Peru (Part III): Nazca and Lima
We arrived early in the morning by bus from Cuzco and were told to wait at the terminal by Edgardo, who was our next Couch Surfing host! We met Edgardo and he took us to his couch surfing pad – get this, he is still living in his house and the couch surfers get to live in the new house he has built (well it was about 85% complete when we were there so the rooms and bathrooms were well capable enough to handle CSers by that stage). Very nice place located in a very quiet area in Nazca with the backdrop of the world’s largest sand dune – google it!
Nazca was not originally on our list of places to visit in Peru (not that our list was much else apart from Cuzco, Machu Picchu and Lima as that is all we really had heard about in Peru), but thanks to a suggestion from our good friends Andy and Cathy Cluver we were able to enjoy the fascination behind the incredible Nazca lines!
The Nazca Lines are a series of ancient geoglyphs in the Nazca Desert in southern Peru. The plateau stretches some 80 kilometres between the towns of Nazca and Palpa which is about 400 km south of Lima. Scholars believe the Nazca Lines were created by the Nazca culture between 400 and 650 AD which significantly pre dates the Inca period – wow! However, they differ in opinion in relation to what the lines were meant to represent. Some say it was religious, some say it was to do with irrigation and probably one of the most popular was astronomy (ie the astronomical calendar)!
In 1940 Maria Reiche, a German mathematician and archeologist who dedicated almost her entire life to researching the Nazca Lines, became an assistant to the American Paul Kosok, a historian from Long Island University in Brooklyn, New York. Kosok is credited as the first westerner to seriously investigate the Nazca Lines. He originally studied the lines in connection with field work on ancient irrigation systems, but quickly concluded they had another purpose. Kosok noticed lines that converged at the point of the winter solstice in the Southern Hemisphere in June 1941. Together, Kosok and Reiche began to map and assess the lines for their relation to astronomical events.
Later Reiche found lines converging at the summer solstice. Around 1946 Reiche began to map the figures represented by the Nazca Lines and found 18 of different kinds of animals and birds. After Kosok left in 1948, she continued the work and mapped the area. She used her background as a mathematician to analyze how the Nazca may have created such huge-scale figures and found them to have a mathematical precision that was highly sophisticated. Reiche theorized that the builders of the lines used them as a sun calendar and an observatory for astronomical cycles.
Eventually scholars concluded that the lines were not chiefly for astronomical purposes, but Reiche's and Kosok's work had brought scholarly attention to the great resource. It is widely believed that they were used as part of worship and religious ceremonies related to the calling of water from the gods!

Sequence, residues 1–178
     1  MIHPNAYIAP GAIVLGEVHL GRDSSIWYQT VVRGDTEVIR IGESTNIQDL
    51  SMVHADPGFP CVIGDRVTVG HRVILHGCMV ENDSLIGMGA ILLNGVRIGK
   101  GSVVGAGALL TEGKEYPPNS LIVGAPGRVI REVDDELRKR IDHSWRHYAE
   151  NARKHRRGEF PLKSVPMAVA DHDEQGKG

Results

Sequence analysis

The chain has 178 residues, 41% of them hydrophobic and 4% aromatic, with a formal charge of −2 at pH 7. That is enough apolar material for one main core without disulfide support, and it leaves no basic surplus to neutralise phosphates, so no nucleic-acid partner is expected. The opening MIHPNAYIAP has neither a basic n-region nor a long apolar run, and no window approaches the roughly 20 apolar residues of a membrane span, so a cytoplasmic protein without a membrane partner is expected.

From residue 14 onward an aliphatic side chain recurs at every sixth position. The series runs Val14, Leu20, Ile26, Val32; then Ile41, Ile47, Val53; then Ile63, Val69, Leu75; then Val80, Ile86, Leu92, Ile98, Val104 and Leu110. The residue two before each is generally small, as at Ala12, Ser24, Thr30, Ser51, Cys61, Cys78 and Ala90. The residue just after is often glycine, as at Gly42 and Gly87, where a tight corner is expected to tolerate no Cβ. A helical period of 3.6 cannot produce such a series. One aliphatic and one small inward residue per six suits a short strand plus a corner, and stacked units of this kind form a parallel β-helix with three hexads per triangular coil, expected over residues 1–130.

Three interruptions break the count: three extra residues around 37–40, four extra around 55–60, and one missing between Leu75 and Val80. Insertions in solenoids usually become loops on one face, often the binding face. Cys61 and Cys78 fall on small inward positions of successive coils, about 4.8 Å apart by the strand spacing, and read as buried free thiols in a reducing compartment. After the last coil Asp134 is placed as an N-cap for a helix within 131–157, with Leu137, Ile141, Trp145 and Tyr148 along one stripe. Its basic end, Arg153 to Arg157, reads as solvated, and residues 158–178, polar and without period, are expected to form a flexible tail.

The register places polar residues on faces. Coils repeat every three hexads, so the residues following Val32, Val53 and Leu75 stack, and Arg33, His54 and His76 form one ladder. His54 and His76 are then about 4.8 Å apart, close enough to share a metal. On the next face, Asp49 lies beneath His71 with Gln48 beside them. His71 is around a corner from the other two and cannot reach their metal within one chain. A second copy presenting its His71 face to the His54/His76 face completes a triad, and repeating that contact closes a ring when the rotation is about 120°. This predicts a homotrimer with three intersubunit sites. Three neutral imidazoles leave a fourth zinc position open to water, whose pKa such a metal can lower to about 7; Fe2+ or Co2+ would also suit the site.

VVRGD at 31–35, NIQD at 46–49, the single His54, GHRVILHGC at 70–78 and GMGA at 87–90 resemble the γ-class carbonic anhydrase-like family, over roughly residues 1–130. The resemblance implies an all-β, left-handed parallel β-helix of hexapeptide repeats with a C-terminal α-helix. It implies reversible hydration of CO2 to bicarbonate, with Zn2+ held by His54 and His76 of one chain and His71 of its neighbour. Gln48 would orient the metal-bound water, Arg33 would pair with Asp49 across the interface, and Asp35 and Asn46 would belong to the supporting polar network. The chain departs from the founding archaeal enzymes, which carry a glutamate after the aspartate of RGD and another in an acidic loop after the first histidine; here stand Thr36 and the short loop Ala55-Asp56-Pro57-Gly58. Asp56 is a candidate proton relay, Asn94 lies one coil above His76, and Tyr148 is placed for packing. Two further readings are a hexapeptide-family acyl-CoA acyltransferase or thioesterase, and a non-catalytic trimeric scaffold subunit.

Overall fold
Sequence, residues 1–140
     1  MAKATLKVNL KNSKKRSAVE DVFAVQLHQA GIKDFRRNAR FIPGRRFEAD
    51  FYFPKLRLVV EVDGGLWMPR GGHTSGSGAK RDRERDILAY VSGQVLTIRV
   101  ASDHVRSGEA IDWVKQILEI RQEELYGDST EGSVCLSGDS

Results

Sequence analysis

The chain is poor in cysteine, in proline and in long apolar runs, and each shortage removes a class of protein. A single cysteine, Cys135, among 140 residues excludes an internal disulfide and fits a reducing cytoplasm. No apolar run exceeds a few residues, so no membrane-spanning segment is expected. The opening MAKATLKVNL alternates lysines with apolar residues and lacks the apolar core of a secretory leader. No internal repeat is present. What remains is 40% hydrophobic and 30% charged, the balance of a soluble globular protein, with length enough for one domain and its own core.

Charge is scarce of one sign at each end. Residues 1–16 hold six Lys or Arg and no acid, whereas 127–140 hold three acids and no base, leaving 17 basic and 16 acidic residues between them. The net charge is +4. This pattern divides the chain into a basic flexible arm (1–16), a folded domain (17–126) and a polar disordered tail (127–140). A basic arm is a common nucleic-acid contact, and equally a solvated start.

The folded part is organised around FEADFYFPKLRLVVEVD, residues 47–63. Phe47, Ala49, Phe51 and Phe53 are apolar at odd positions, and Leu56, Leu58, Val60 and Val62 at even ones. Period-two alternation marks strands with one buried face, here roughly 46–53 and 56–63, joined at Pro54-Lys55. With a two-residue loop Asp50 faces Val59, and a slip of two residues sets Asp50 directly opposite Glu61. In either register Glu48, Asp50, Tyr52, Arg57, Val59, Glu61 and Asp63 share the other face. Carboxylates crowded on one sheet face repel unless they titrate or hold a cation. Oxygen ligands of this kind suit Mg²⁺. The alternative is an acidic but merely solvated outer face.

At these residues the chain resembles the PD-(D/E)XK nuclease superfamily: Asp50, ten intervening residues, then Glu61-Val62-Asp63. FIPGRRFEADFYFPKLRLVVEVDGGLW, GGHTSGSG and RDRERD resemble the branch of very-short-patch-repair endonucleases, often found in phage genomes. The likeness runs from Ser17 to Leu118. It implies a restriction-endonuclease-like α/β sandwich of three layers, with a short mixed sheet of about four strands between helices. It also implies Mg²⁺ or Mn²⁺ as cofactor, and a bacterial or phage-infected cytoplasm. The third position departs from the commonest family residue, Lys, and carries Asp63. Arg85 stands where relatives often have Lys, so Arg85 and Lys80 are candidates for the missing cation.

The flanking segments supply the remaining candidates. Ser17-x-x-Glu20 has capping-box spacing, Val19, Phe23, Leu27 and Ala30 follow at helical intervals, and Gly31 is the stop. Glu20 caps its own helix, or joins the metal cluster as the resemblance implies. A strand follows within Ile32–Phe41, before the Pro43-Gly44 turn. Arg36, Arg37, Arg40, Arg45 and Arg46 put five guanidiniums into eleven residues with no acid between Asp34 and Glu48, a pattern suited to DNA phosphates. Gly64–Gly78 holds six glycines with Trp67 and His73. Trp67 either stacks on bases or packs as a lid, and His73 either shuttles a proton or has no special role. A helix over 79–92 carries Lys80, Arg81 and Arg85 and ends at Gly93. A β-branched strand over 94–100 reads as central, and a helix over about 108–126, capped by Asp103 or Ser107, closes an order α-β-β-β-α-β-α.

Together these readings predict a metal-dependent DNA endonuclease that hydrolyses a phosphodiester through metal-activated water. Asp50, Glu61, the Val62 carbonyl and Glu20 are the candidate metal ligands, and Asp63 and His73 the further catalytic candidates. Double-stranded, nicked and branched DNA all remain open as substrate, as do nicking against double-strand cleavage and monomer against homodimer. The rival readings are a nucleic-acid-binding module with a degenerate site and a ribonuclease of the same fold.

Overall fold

The figures range in complexity from simple lines to animals such as the hummingbird, spider, jaguar, monkey, fish, shark, llama, snake and astronaut. The largest figure is over 200 metres! Some of the measurements for the figures include that the Hummingbird is 93m (310 ft) long, the Condor is 134m (440 ft), the Monkey is 93m (310 ft) by 58m (190 ft), and the Spider is 47m (150 ft).
The extremely dry, windless, and constant climate of the Nazca region has preserved the lines well. The Nazca desert is one of the driest on Earth and maintains a temperature around 25 °C (77 °F) all year round. The lack of wind has helped keep the lines uncovered and visible to the present day.
Another local expert on the lines is none other than our CS host, Edgardo!
Edgardo is an astronomer and is basically an expert on the matter. Edgardo runs the astronomy observation centre in Nazca, which is recommended highly by most well known books and also by travelers we have met along the way. Well we got to do it for free because we were CSing with the boss, Edgardo! Thanks and we found it very interesting and informative!
The astronomy centre is also a dedication to the life and works of Maria Reiche. When she lived in Nazca she lived in the hotel room just next to the Observation Centre (as they are all part of the Hotel Nazca grounds).
During our experience at the observation centre we were able to see the difference between stars and planets (stars twinkle by emitting light produced by a nuclear reaction and planets shine because they reflect light), identified the red planet known to us as Mars and also Saturn with our naked eye. Other stars and constellations that we were shown included Sirius, which is the brightest star in the sky, Southern Cross, Big Dipper (also Plough or the Saptarishi) and The Milky Way! The special highlight of the night was getting to see a clear picture of Saturn through an ultra high powered telescope! Amazing experience as you can see the rings around Saturn!